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In chemistry, a carbene is a highly reactive organic molecule with a divalent carbon atom with only six valence electrons and the general formula: R1R2C: (two substituents and two electrons).[1] The carbene comes in two varieties: a singlet and triplet. The singlet type has its carbon atom sp2 hybridised with an empty p-orbital extending above and below a plane containing R1 and R2 and the free electron pair. Typically these molecules are very short lived, although persistent carbenes are now known.

The parent carbene is H2C: also called methylene. An often encountered carbene is Cl2C: or dichlorocarbene which can be generated in situ from chloroform and a strong base.


Singlet and triplet carbenes

Generally there are two types of carbenes; singlet or triplet carbenes. Singlet carbenes have a pair of electrons and sp2 hybrid structure. Triplet carbenes have two unpaired electrons. They may be either sp2 hybrid or linear sp hybrid. Most carbenes have nonlinear triplet ground state with the exception of carbenes with nitrogen, oxygen, sulfur atoms, and dihalocarbenes.

Singlet and triplet carbenes are named so because of the electronic spins they possess. Triplet carbenes are paramagnetic and may be observed by electron spin resonance spectroscopy if they can exist long enough without undergoing further reactions. The total spin of singlet carbenes is zero while that of triplet carbenes is one (in units of ). For simple hydrocarbons, triplet carbenes usually have energies 8 kcal/mole (33 kJ/mol) lower than singlet carbenes (see also Hund's rule of Maximum Multiplicity), thus, in general, triplet is the more stable state (the ground state) and singlet is the excited state species. Substituents that can donate electron pairs may stabilize singlet state by delocalizing the pair into empty p-orbital. Bond angles are 125-140° for triplet methylene and 102° for singlet methylene (determined by EPR). The carbene 9-fluorenylidene has been shown to be a rapidly equilibrating mixture of singlet and triplet states with an approximately 1.1 kcal/mol (4.6 kJ/mol) energy difference.[2] Triplet carbenes are generally stable in gaseous state while singlet carbenes are often found in aqueous media.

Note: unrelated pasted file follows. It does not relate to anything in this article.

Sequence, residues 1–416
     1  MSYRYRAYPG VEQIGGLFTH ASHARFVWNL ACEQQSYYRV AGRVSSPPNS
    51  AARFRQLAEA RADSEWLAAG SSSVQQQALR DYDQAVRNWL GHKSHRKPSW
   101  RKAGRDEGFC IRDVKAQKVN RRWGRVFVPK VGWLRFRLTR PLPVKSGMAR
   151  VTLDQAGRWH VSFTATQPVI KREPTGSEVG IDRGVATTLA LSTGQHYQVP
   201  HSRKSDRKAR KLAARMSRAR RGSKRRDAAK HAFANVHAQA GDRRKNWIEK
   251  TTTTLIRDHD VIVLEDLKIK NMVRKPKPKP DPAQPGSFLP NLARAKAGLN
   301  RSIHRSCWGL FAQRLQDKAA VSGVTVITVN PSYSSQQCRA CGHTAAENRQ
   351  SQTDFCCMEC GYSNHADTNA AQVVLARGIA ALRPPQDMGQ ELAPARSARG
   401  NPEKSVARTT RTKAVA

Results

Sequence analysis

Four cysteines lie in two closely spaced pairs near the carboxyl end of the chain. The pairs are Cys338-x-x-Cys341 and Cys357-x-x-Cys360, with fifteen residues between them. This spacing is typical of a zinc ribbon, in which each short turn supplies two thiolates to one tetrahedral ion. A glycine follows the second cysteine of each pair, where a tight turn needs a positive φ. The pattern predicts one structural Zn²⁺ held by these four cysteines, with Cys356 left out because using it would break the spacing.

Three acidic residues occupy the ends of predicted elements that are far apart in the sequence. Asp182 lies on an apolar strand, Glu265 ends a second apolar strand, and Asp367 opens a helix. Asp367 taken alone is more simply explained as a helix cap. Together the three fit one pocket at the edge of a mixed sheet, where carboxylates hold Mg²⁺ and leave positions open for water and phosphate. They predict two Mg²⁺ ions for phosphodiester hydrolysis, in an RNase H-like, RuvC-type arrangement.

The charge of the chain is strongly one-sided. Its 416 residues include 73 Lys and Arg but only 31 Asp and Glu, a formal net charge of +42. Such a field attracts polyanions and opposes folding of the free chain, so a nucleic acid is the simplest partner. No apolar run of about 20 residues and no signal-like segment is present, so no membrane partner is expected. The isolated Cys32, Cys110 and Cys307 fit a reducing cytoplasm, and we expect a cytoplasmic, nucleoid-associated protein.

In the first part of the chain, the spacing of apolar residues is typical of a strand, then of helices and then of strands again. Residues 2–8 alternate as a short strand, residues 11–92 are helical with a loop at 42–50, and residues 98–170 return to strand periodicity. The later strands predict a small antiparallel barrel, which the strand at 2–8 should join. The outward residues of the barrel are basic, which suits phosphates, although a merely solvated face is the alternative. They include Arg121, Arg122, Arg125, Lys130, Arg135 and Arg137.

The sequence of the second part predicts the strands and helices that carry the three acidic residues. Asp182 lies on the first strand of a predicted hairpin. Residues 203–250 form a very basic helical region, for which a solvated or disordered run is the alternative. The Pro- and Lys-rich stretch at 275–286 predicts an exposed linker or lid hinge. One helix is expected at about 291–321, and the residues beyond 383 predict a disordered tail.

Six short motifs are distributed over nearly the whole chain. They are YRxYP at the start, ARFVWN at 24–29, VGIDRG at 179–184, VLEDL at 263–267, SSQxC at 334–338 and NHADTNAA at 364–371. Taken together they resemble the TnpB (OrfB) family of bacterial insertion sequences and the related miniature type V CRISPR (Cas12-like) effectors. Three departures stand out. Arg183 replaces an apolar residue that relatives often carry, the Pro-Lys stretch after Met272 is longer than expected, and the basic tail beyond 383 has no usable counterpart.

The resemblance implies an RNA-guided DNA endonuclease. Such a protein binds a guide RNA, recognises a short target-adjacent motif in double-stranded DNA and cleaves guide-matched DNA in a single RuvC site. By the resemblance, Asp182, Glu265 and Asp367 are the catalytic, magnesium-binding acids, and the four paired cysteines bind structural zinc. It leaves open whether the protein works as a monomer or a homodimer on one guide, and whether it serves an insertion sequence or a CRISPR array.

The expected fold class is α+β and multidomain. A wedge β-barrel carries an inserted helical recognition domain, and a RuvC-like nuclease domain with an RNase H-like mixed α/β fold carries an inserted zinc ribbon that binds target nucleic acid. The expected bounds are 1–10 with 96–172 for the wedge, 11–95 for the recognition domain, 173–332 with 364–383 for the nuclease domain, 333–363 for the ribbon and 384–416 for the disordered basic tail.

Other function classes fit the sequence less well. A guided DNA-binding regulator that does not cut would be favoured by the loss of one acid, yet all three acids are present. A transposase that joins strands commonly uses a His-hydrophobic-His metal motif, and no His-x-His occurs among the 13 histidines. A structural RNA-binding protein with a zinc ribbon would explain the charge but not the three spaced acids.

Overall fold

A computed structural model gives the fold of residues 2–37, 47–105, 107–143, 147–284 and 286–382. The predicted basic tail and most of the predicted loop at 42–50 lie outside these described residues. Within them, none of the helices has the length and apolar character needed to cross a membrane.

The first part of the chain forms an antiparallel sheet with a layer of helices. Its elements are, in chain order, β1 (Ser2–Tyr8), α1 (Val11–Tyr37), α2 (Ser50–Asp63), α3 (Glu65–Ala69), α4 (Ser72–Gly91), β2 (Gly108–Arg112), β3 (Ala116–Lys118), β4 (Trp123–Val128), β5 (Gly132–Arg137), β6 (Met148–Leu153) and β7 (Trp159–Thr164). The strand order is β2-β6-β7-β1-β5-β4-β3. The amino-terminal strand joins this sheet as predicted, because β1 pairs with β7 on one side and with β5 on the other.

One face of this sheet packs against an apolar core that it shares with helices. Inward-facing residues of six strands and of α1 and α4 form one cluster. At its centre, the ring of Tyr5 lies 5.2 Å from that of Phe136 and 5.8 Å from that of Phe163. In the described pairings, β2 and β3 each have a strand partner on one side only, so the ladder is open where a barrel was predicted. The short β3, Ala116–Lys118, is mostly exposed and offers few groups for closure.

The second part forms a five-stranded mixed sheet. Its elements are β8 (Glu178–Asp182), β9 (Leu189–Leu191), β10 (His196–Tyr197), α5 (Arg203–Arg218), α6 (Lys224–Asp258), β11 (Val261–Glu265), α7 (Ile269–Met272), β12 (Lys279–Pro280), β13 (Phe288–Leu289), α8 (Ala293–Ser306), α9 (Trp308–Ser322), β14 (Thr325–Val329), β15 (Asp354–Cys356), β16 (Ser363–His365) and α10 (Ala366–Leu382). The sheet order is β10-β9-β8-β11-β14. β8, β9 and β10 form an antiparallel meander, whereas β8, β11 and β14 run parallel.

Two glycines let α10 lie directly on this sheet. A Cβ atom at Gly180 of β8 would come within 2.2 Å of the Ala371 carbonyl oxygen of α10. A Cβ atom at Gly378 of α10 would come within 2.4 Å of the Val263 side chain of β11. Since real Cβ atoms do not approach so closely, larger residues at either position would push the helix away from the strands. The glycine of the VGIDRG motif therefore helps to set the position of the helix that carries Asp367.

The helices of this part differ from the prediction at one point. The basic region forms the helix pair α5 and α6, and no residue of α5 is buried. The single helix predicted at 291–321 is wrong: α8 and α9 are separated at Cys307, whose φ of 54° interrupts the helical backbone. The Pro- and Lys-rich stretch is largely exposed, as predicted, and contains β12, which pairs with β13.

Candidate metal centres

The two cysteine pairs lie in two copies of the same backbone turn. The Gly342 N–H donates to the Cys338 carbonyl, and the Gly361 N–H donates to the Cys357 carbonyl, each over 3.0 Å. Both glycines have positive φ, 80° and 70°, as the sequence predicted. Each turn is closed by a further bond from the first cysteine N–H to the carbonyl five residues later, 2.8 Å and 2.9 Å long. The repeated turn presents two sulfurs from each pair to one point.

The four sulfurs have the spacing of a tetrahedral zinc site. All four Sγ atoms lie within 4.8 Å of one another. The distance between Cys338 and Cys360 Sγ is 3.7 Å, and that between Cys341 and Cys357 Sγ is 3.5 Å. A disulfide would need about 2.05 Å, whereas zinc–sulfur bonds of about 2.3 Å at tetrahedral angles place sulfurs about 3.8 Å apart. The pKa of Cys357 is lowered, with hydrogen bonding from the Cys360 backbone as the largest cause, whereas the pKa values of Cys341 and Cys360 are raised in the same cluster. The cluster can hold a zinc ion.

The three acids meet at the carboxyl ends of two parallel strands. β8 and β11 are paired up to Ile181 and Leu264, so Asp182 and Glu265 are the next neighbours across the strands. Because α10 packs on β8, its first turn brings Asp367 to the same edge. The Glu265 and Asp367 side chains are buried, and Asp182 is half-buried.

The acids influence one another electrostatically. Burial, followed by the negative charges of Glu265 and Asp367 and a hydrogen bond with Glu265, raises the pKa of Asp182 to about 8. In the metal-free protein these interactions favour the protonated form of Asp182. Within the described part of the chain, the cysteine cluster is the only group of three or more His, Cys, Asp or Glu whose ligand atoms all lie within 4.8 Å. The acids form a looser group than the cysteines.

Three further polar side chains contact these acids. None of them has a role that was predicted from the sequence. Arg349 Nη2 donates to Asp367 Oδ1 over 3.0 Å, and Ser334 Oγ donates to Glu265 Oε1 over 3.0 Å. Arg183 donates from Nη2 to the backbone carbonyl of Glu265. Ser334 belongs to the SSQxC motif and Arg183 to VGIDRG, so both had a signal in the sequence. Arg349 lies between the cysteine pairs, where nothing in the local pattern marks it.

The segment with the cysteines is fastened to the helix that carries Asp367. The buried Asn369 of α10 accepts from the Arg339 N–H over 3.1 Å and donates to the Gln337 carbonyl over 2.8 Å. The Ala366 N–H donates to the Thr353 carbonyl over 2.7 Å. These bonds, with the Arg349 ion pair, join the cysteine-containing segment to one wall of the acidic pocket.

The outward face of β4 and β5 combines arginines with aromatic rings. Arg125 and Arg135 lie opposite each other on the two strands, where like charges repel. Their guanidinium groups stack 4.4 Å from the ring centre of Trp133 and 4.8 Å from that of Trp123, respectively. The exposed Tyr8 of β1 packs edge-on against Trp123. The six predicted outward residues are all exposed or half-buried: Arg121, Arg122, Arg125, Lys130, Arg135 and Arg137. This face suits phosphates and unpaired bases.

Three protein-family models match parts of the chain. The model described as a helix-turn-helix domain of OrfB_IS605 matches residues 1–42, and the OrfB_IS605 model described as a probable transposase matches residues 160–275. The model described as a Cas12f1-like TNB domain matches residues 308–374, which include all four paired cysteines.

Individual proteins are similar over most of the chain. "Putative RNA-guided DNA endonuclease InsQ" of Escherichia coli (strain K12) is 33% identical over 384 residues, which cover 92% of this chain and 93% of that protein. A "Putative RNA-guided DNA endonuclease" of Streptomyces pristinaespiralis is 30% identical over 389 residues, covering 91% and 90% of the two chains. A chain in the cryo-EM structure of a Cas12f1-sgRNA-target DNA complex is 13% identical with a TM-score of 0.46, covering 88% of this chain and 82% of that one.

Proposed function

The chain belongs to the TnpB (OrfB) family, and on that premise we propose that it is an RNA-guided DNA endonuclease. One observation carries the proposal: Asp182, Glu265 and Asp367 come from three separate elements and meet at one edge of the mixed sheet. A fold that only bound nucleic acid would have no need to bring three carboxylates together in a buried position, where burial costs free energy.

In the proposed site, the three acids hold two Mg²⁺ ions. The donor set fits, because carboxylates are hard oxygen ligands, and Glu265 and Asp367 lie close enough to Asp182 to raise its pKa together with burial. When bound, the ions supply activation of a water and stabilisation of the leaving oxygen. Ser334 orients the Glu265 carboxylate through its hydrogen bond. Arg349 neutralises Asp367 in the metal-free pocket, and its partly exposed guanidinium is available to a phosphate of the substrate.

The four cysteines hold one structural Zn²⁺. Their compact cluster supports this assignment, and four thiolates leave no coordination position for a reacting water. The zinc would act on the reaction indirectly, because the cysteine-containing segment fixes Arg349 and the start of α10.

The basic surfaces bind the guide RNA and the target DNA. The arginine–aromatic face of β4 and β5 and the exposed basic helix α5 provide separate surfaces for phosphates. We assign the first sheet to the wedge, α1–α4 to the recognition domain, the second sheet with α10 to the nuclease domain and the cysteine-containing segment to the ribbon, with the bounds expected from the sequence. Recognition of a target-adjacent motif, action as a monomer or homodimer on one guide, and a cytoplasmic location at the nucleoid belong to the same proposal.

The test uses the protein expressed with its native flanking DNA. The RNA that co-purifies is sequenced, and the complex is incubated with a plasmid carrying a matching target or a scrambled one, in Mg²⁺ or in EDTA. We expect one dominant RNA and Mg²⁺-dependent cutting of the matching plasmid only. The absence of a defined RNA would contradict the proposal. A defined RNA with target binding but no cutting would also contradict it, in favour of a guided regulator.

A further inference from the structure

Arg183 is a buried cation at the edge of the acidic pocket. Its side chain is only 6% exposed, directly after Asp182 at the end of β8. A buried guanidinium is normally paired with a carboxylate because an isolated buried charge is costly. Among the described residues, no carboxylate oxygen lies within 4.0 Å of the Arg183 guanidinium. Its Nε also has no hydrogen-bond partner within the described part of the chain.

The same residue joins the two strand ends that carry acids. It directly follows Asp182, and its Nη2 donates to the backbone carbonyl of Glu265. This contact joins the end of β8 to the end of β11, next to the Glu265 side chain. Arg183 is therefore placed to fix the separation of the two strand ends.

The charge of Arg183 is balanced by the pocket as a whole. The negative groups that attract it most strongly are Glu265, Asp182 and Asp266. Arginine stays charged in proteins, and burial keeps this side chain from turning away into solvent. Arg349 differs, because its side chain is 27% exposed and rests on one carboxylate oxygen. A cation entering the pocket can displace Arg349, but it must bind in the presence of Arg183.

Carbene addition to alkenes

Singlet and triplet carbenes do not demonstrate the same reactivity. Singlet carbenes generally participate in cheletropic reactions as either electrophiles or nucleophiles. Singlet carbene with its unfilled p-orbital should be electrophilic. Triplet carbenes should be considered to be diradicals, and participate in stepwise radical additions. Triplet carbenes have to go through an intermediate with two unpaired electrons whereas singlet carbene can react in a single concerted step. Addition of singlet carbenes to olefinic double bonds is more stereoselective than that of triplet carbenes. Addition reactions with alkenes can be used to determine whether the singlet or triplet carbene is involved.